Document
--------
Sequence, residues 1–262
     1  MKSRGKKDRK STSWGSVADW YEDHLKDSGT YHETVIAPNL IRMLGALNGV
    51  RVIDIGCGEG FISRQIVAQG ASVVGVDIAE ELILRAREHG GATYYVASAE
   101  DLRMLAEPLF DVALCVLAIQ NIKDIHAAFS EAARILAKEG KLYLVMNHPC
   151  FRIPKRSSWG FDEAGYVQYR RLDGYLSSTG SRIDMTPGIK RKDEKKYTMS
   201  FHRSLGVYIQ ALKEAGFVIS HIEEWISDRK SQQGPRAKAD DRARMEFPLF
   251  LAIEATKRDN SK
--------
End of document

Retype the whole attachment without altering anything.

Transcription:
Sequence, residues 1–262
     1  MKSRGKKDRK STSWGSVADW YEDHLKDSGT YHETVIAPNL IRMLGALNGV
    51  RVIDIGCGEG FISRQIVAQG ASVVGVDIAE ELILRAREHG GATYYVASAE
   101  DLRMLAEPLF DVALCVLAIQ NIKDIHAAFS EAARILAKEG KLYLVMNHPC
   151  FRIPKRSSWG FDEAGYVQYR RLDGYLSSTG SRIDMTPGIK RKDEKKYTMS
   201  FHRSLGVYIQ ALKEAGFVIS HIEEWISDRK SQQGPRAKAD DRARMEFPLF
   251  LAIEATKRDN SK